These factors provide a framework for determining alimony, but they won't apply equally to every case. Courts often have the discretion to weigh factors differently, depending on the couple's unique circumstances. It's possible, for example, for a court to consider your long-term cohabitation to determine your relationship's length, rather than using the date of legal marriage. This interpretation can significantly influence alimony decisions, as longer marriages often result in larger alimony awards.
Additionally, if one spouse made significant sacrifices, such as quitting a job to support the other's career or giving up educational opportunities, a court could consider these contributions too.
Given the case-by-case basis of alimony determination, it's essential to seek legal advice from an attorney with experience handling LGBTQ family law cases. They can provide personalized guidance and protect your interests.
Resolving Child Custody Issues During LGBTQ Divorce
The interaction of sensitive factors, such as biological rights, adoption, and children from previous marriages, can complicate child custody and child support issues in an LGBTQ divorce. Just like in opposite-sex divorces, the child's best interests should always be the court's main priority when making these decisions.
Some considerations include:
- Biological rights: If you are the child's biological parent, you may have a stronger claim to custody. The court will still consider the child's relationship with both parents and their overall well-being. If both you and your partner are biological parents, custody depends on your ability to provide a stable environment, your involvement in the child's life, and the child's well-being.
- Adoption: If you and your spouse adopted the child together, you have equal rights and responsibilities. Courts base custody decisions on the child's best interests. If you adopted the child and the other is a stepparent, local laws may limit the stepparent's legal rights. Some jurisdictions may grant visitation or custody rights based on the child's best interests.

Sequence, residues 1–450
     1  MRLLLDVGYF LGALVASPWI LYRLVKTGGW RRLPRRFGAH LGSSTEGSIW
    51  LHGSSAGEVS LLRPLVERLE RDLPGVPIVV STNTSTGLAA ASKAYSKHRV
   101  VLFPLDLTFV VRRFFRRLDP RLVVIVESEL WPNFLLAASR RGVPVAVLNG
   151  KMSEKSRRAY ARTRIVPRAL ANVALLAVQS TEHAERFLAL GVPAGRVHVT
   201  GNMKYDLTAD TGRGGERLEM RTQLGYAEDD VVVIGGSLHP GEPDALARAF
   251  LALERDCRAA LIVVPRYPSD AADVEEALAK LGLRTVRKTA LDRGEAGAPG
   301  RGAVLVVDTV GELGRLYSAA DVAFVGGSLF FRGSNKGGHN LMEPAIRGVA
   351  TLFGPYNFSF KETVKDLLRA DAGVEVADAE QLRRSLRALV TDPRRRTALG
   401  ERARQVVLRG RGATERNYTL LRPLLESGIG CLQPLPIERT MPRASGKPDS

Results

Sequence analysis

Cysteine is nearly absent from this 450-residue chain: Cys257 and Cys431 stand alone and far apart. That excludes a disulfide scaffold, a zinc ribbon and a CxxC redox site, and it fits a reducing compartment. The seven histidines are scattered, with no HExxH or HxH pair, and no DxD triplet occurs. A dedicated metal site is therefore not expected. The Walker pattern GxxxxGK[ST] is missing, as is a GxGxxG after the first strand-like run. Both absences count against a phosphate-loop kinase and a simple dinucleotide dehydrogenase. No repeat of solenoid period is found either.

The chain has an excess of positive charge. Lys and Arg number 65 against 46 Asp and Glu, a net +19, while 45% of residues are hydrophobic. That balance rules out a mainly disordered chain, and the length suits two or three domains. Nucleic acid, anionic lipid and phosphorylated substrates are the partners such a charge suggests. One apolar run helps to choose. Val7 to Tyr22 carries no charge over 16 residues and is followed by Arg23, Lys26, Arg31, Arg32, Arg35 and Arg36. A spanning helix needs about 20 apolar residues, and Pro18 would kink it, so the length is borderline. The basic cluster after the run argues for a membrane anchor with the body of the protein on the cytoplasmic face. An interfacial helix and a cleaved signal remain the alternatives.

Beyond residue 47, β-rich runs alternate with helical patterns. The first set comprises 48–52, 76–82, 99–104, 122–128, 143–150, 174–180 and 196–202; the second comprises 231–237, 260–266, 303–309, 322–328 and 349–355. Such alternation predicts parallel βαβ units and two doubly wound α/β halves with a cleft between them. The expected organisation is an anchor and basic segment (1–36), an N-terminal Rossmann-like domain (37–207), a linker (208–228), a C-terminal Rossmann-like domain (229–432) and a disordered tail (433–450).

Beyond these specific issues, child support in LGBTQ divorces follows the same laws as opposite-sex ones.
- Both parents have a legal obligation to financially support their children.
- The noncustodial parent usually makes child support payments to the custodial parent.
- Courts determine child support according to each parent's income, the number of children, and the jurisdiction's specific guidelines.
- If your income significantly exceeds your partner's, the court may adjust the child support amount according to the child's needs.
Consulting with an attorney experienced in LGBTQ family law ensures that the divorce proceedings correctly understand and address your rights and obligations regarding child custody and support.
The Unique Challenges of Navigating the Legal System as LGBTQ Individuals
The LGBTQ community has experienced discrimination in the legal system. While those systems have made significant progress recently, including legal recognition of same-sex marriages, some individuals may have a sense of distrust that could ruin their experience during the divorce process.
These concerns can include:
- Fear of prejudice or discrimination: Some LGBTQ individuals might worry that bias against them could influence the outcome of their divorce proceedings.
- Worries about being misunderstood: They may worry that some legal professionals will not treat them fairly or fully understand the legal intricacies unique to LGBTQ divorces.
- Privacy issues: Some might have concerns about privacy and exposure during the divorce process.
Acknowledge and address these feelings and make sure that everyone feels supported and empowered throughout the legal proceedings. Recognize also the continued evolution in the legal landscape. Laws and protections ensure equal treatment for the LGBTQ community, including during a divorce.
The Value of an Experienced LGBTQ Divorce Attorney
By seeking out an experienced LGBTQ divorce attorney, you can receive the guidance, empathy, and skilled representation necessary for navigating the intricacies of LGBTQ divorce law.
A family law lawyer who handles LGBTQ divorce issues can offer unique benefits, such as:
- Knowledge of LGBTQ-specific laws: Understanding the unique legal considerations and challenges in same-sex divorces allows them to provide high-quality guidance and strategic advocacy, including around issues of long-term cohabitation or complicated child custody arrangements.
- Empathy and understanding: An experienced LGBTQ divorce attorney can provide a safe and supportive environment when dealing with the overall disruption of a divorce.
- Legal network and resources: An attorney with experience in LGBTQ family law has likely built a network of professionals, such as mental health and financial experts, and has other resources that can provide additional support and help ensure a comprehensive approach.
Divorce is a significant life event, which can be particularly complex for LGBTQ individuals. Your legal representation and the court should treat you with dignity and respect throughout the divorce process. With the right legal support, you can work toward a fair and equitable resolution and navigate the intricacies of LGBTQ divorce law.